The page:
A Christmas Message

CASLAS Children’s Home: A Safe Haven in the Heart of Lagos

Christmas is around the corner. While the festive season can be one of joy and cheer, let’s not forget about how we can help others. I chose to do this interview with one of the residents of CASLAS children’s home in Lagos to put myself in another’s shoes and spread awareness about what conditions can be like growing up in residential care. This interview is one I’ll hold dear and I hope that you can take something from it and remember that this holiday is best celebrated with something shared!

In Portugal, children are put in children’s homes by the courts for one of the following reasons: neglect, a parent’s illness, physical or emotional abuse, abandonment or parental incarceration. The young man I interviewed, who for legal reasons must remain anonymous, had an infectious smile that lit up the room as he settled into a greyish, padded chair in Susana Pales’ (head psychologist) office. The collar of his trendy shirt was slightly askew, but he was polite, brown-eyed and well-spoken despite our language barrier.

Originally from Guinea, he arrived in Portugal five years ago and was put into care in CALSAS three years ago when he was 16. He attended school in Lagos and says he made “great friends”. He is now 20 years old and attending Escola de Hotelaria e Turismo de Portimão, where he is studying for a level five degree. This qualification is the next level of education after mandatory school, almost like an apprenticeship. He earns his own money as a bartender in his spare time.

Like many young boys, he dreamt of being a footballer and is a supporter of Real Madrid and his favourite player is Jude Bellingham. He still plays football recreationally with friends and for Bensafrim. He has also played for Immortal in Albufeira and likes to follow Sporting Lisbon in the Portuguese league.

However, even more important than football for him is being able to maintain his religious and cultural heritage, and he goes to the mosque to pray. “I am very religious. I follow Islam. I have been Muslim my whole life. I pray five times a day. On Fridays, there is a big prayer for one hour. Prayer brings comfort to me. There is a mosque in Lagos, recently built.”

I asked him about his aspirations in life? “To have a great personality,” he replies. His ambition, now he has given up on being a professional footballer, is to have a stable job. “I have many job offers in Lagos at the moment. I have been in various jobs in this area, in hotels and restaurants, including the Tivoli in Lagos. I was in school for one week and the teacher offered me a job! Last weekend, I worked catering for a wedding and this weekend, I had to say ‘no’ because I had so much to do.” 

I wonder what his view is on residential care in Portugal, “It is very good. In CASLAS I like the people. This is like my mother’s house because people here respect my religion. It is very important to me because a lot of people don’t. I eat different food and celebrate Ramadan, so I feel like I am taken care of and that my needs are accommodated.”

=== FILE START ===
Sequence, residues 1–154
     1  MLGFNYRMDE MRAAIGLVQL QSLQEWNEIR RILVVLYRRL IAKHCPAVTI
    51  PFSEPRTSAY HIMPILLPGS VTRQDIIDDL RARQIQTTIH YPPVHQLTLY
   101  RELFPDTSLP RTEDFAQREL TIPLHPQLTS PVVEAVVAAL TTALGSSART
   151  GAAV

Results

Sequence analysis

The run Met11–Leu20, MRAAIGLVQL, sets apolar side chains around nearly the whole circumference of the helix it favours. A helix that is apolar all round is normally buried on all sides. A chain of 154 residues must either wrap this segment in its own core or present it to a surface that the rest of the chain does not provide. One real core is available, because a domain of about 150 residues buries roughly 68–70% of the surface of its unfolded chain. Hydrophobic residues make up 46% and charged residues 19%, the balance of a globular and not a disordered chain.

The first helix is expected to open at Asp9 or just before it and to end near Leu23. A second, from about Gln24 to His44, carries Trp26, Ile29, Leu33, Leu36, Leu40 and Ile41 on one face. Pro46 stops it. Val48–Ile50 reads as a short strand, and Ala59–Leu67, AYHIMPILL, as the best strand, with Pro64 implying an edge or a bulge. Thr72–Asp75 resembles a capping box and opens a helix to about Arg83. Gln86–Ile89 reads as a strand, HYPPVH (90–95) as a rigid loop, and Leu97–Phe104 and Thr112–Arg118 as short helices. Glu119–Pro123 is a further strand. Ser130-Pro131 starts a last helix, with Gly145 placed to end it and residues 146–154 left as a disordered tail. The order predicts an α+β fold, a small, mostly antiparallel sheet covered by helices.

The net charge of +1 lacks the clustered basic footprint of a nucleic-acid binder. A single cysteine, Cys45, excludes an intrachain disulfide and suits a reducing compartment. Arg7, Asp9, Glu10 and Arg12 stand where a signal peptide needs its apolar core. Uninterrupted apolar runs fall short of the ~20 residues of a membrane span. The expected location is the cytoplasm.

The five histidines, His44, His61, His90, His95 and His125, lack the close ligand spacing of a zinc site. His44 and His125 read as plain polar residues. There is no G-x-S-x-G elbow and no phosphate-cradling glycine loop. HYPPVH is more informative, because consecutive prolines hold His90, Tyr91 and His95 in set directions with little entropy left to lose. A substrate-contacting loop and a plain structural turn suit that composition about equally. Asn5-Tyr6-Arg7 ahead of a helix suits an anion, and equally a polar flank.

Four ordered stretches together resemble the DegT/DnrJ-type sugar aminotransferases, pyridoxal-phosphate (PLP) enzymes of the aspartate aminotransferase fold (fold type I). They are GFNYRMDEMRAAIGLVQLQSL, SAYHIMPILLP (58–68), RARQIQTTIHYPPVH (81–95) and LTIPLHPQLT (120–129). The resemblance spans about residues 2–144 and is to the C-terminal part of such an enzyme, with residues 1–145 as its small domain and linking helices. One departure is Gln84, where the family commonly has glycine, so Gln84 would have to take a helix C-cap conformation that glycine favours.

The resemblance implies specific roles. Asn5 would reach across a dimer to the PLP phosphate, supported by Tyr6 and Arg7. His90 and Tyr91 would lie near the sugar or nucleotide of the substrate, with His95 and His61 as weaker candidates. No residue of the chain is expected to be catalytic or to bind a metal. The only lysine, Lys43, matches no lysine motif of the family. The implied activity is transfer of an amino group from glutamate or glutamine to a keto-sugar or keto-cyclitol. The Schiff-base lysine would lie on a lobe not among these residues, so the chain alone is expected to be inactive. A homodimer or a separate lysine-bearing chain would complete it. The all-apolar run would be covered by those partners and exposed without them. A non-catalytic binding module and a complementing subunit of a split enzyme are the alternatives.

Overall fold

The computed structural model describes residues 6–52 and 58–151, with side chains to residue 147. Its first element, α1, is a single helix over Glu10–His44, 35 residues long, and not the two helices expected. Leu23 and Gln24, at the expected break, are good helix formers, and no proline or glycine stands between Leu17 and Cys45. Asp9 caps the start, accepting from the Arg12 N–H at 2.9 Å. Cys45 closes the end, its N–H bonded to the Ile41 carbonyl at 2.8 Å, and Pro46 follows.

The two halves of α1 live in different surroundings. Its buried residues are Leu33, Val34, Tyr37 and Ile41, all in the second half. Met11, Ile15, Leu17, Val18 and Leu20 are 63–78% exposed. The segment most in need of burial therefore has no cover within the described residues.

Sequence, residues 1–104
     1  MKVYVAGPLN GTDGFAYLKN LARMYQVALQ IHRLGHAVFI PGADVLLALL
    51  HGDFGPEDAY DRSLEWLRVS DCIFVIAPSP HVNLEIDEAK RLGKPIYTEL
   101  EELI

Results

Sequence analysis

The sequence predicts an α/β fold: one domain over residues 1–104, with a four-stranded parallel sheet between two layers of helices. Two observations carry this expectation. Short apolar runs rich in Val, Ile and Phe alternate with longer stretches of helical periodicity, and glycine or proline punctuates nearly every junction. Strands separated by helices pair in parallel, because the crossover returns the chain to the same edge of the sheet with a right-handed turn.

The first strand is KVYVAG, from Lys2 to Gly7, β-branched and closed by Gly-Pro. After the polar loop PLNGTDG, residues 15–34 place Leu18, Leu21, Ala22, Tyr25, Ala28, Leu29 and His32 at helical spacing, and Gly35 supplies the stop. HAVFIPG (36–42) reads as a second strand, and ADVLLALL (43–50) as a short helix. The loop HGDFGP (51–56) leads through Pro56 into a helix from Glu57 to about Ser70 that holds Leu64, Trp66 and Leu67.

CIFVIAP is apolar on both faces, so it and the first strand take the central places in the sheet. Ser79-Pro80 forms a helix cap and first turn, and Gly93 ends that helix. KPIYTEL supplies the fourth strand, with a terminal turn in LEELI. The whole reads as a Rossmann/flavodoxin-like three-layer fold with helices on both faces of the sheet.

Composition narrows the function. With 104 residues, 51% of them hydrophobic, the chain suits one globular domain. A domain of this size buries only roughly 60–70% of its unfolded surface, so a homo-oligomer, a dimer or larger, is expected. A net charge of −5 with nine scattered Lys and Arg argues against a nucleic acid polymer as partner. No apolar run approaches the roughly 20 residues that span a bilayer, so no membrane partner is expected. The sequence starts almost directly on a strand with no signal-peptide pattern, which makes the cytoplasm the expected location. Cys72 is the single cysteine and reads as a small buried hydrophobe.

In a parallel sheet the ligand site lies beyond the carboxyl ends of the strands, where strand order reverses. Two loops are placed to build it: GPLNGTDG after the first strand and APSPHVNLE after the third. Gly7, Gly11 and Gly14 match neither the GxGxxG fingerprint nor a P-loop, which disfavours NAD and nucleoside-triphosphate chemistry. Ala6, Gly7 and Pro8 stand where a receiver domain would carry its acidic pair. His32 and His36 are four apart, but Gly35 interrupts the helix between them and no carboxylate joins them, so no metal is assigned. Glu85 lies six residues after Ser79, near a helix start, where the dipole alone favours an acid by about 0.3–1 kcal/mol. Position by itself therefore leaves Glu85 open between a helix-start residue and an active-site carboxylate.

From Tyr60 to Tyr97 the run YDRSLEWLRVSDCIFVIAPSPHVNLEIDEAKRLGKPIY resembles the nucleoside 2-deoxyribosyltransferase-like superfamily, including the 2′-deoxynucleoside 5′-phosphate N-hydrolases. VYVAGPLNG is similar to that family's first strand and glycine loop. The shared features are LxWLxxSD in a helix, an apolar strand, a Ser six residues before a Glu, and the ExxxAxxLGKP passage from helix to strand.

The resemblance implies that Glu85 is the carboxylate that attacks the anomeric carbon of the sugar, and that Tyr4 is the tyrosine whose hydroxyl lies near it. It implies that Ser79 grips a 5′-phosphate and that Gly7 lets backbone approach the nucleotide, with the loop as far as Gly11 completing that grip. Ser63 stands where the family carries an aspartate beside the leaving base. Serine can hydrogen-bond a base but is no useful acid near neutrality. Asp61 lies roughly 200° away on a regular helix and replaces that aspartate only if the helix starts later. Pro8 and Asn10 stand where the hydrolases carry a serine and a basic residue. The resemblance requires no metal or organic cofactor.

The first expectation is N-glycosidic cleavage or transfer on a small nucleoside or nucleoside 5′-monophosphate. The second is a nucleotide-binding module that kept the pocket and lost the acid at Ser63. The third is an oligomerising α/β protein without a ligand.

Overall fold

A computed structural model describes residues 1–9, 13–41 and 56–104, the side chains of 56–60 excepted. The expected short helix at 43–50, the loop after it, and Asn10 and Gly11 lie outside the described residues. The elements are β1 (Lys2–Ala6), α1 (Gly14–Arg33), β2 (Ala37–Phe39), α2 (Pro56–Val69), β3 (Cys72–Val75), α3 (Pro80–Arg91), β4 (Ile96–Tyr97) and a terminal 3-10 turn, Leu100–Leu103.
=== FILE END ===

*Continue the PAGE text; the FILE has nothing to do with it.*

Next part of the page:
He recognises the amazing generosity of the home’s benefactors and the hard work of the staff – he says the only other thing he would like to receive is some English lessons! So I asked him if he could change anything in the world, what would it be? “The war in Palestine. The first thing I would change is that people would change themselves internally and stop war. People need to be united to change the world and not just centred on their individual needs or themselves. I have come to realise that it starts in the individual.”

This inspiring young man cites work, belief, perseverance and patience as his key values, with which he hopes to succeed. Home is where the heart is, and CASLAS is what gives this saying a bounding pulse. 

If you wish other young people to have a similarly nurturing experience at CASLAS, they need help in the following ways in 2023/24:

Wish list:

  • Gift cards for clothes stores 
  • A computer for the study room
  • Contribution to medical appointments
  • Lazer activities during weekends and school holidays
  • Sports clothing
  • Chairs and food warmer for dining room,
  • Dining room and kitchen renovation,
  • PlayStation for girls’ room
  • Cost of two driving licences


Currently, CASLAS is in need of a new dining room. It is outdated, with paint peeling from corner to corner and does not feel homely at all. If you wish to donate, you can do so by bank transfer and send proof of debit to:


PT50 0007 0358 0000 2000 0099 3

Christmas dinner is one these children deserve, like any of us, to cherish. Please head to gogetfunding.com/help-give-the-children-at-caslas-the-christmas-they-deserve

Volunteers role:

Take action! Volunteering involves offering your free time and knowledge to help youngsters with small tasks, assisted by residential care professionals. Volunteers have developed an important role in residents’ lives, becoming references and role models, offering their free time and contributing to children’s development, turning the residential period into a happier one. It’s the small things that mean the most. Picnics and meals, tours, tutoring, cinema trips, minigolf, swimming pools/beach, teaching life skills (cooking sessions, shopping) and any extracurricular activities will enrich the youngster’s lives and also bring you joy. 

If you would like aunty more information or would like to help, please contact



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